The most fun way to explore the sights and sounds of Singapore is from the sidecar of a vintage Vespa. Shandelle Battersby goes for a spin.
Sometimes you just have to obey the signs and see where they take you. For Simon Wong, this meant finding out who owned the pair of pristine off-white vintage Vespas with sidecars he'd walked past in his neighbourhood three days straight. This led to his first encounter with the man responsible for restoring them, Johnny Chen, and the pair clicked, going on to work together on fundraising projects for several years.
After realising the power the sidecars had over people ("They appeal to all walks of life and all ages"), the duo launched Singapore Sidecars, the world's first vintage Vespa sidecar tour, in March 2018 as a social enterprise. Within four months the city's best hotels were calling, asking for a partnership; within a year the company was a finalist in the 2019 Singapore Tourism Awards for Best Tour Experience. Just 18 months later their fleet of about 20 bikes has become a familiar sight on the city's streets.
There is a range of tours available, exploring different areas by day or night, or the team can customise a tour. Street art is my jam, so I signed up for the best-selling Kampong Glam tour of Singapore's vibrant Malay-Muslim quarter. It also takes in the elegant Civic District with its interesting mesh of the old and the new.
It's 8am on a Saturday when I arrive at Kampong Glam's Sultan Arts Village to meet Wong and one of his lead riders, Gary Foo, a Peranakan tailor by day when he's not indulging his passion for riding Vespas. The arts village sets the tone for the morning's exploration. This tiny area is a hub for the city's up-and-coming arts community and as well as the colourful murals along its walls, there are galleries, shops and studios.
The shiny Vespas parked casually side by side and gleaming in the early-morning light are already attracting a lot of attention from passers-by who stop to admire the bikes and pose for a photo with them.
Foo helps me with my helmet — not quite as stylish as his sparkly black number, but not bad — then holds both of my hands out in front of me as I step easily into the sidecar. There's plenty of room for my handbag and camera and although at first it feels a bit weird to not have a belt of some kind, it feels completely safe. All I have to do is sit back and enjoy the ride.
It's a thrilling way to travel. The first thing you notice is how immersed you are in your surroundings — low to the ground with no windows in the way, you're completely in the moment. Our speed never exceeds 50km/h, and I'm able to talk to Foo as we're cruising along so he can point out the sights and answer my questions.
We're able to cover a lot of ground in not much time, one of the reasons why this is a popular activity for transit and cruise ship passengers.
Nimble and compact, the Vespas can easily travel down narrow lanes in a way no car or bus could manage. The most famous of these is the hipster enclave and street art mecca of Haji Lane, which is lined with original two-storey shophouses occupied by designer boutiques, cool cafes and trendy bars. At 9.30am it's already busy with pedestrians taking photos, and Foo squeezes the old-school horn (used by hawkers to draw attention to their wares) as we make our way through. We're met with big smiles and waves.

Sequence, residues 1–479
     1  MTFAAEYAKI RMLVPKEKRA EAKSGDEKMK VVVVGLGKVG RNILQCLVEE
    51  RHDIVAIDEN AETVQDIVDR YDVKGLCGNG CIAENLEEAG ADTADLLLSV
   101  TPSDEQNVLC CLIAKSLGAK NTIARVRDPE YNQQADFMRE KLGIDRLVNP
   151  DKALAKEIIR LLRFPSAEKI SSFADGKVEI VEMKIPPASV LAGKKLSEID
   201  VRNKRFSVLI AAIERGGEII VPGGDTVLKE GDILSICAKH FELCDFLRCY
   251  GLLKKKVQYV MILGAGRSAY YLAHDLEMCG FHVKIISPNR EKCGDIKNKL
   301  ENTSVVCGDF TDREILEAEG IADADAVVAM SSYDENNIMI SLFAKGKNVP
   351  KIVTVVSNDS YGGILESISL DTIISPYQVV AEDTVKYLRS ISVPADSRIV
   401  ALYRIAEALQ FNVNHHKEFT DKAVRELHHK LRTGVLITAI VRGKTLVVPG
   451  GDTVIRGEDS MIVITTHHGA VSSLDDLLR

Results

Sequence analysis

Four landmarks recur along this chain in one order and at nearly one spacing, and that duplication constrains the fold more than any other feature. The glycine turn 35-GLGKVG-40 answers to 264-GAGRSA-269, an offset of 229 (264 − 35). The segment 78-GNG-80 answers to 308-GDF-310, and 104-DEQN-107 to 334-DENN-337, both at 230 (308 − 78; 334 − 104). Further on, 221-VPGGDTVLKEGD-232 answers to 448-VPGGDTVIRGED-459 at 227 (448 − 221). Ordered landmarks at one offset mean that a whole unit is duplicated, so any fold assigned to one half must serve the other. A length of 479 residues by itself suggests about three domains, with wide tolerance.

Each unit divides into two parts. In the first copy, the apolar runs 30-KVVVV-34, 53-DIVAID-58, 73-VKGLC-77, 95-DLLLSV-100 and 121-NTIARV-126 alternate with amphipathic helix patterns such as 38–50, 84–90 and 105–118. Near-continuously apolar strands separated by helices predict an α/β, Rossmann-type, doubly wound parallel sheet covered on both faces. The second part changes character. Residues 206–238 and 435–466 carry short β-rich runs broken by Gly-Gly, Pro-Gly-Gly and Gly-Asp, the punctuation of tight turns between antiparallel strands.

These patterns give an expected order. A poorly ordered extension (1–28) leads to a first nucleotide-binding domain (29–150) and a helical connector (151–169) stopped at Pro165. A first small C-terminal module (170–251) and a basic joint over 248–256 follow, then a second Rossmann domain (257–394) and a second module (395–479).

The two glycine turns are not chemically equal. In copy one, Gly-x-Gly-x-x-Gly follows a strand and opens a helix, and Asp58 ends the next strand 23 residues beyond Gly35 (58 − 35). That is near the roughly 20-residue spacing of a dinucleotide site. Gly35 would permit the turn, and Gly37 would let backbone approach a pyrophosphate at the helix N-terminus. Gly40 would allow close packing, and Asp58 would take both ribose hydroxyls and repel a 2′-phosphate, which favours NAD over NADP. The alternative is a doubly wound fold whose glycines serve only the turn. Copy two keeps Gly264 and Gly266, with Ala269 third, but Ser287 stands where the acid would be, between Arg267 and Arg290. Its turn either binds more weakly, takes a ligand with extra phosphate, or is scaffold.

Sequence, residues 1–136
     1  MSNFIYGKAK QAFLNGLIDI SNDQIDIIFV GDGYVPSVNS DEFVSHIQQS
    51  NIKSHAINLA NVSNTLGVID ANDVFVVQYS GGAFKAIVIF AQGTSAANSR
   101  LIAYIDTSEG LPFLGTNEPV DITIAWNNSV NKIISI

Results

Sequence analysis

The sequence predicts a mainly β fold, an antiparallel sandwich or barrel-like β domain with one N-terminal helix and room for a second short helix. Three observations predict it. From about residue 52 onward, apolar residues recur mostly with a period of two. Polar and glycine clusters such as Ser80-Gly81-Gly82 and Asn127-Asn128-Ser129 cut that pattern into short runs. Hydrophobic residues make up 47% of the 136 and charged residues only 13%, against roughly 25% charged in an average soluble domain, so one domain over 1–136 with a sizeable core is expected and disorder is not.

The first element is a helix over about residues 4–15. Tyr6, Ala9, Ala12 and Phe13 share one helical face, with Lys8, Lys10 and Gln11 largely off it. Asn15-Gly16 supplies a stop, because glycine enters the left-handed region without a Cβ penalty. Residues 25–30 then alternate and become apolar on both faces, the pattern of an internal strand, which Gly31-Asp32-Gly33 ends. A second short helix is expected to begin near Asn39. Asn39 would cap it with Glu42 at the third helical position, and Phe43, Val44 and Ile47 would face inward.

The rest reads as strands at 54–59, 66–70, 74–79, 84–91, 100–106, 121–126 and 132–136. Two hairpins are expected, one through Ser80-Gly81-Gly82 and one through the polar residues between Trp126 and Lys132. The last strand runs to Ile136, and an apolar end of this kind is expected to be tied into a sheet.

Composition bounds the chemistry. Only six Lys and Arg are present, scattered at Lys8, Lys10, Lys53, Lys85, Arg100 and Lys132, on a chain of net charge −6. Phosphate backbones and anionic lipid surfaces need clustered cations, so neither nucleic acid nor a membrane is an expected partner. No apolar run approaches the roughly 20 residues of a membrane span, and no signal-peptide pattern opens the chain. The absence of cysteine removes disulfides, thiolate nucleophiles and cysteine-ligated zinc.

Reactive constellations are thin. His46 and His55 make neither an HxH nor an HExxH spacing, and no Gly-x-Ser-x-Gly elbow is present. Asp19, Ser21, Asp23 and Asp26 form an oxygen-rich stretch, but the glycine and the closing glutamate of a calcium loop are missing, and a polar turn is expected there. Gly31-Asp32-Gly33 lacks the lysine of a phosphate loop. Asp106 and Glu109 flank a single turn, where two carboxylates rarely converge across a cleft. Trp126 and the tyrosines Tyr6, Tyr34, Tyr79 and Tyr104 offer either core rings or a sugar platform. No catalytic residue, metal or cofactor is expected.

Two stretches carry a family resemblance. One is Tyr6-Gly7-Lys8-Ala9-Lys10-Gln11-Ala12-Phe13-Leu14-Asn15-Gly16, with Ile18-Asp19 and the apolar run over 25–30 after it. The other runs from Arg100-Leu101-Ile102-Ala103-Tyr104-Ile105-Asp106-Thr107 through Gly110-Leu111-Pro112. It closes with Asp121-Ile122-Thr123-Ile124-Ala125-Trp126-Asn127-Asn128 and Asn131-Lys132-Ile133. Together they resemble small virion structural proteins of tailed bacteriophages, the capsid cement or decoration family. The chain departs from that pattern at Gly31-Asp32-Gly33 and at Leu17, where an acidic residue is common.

We pull over for a photo session. The attention to this aspect of the tour is taken very seriously by the riders, who have schooled up on how to take photos that are a guaranteed hit on social media. We're mobbed by curious tourists who can't quite believe their eyes. It's easy to see how Singapore Sidecars became so big so fast.
As we make our way down to the waterfront, we ride on some of the streets used as part of this year's Singapore Grand Prix circuit. Our next photo stop is by the grandstand at Marina Bay, one of the prime spots to watch the F1 action, with its staggering views of new and old Singapore. Marina Bay Sands towers is on our left with the skyscrapers of the central business district out in front. On our right is the Merlion statue and imposing Fullerton Hotel next to the mouth of the Singapore River. This was the 1819 arrival point of Sir Stamford Raffles, which would lead to the founding of Singapore as a British colony a few years later.
Our final stop is back in Kampong Glam to visit one of the tour's "Storytellers", a representative of the trades of an area. Johari Kazura's Sifr Aromatics is housed in a beautifully renovated traditional shophouse on Arab St. His blending desk — or perfumer's organ — houses his ingredients and equipment at the back of the narrow shop.
With an emphasis on sustainability and using locally sourced materials where possible, Kazura is a third-generation perfumer. He has kept a traditional business very much alive by reinventing it with a modern twist, combining the Oriental perfume styles of old with modern-day aromatics. As well as a ready-made range, he specialises in creating custom fragrances for his clientele and holds workshops and demonstrations.
The morning has whizzed by like a Vespa on a Singapore city street. Wong, who seems genuinely taken aback at the meteoric rise of what began as a passion project, has a "sky's the limit" approach to Singapore Sidecars' future.
"We'd love them to become a national icon like tuk tuks, double-decker buses, black cabs or yellow taxis," he says.
The way things are going, he may get his wish.
Singapore Airlines flies direct from Auckland to Singapore.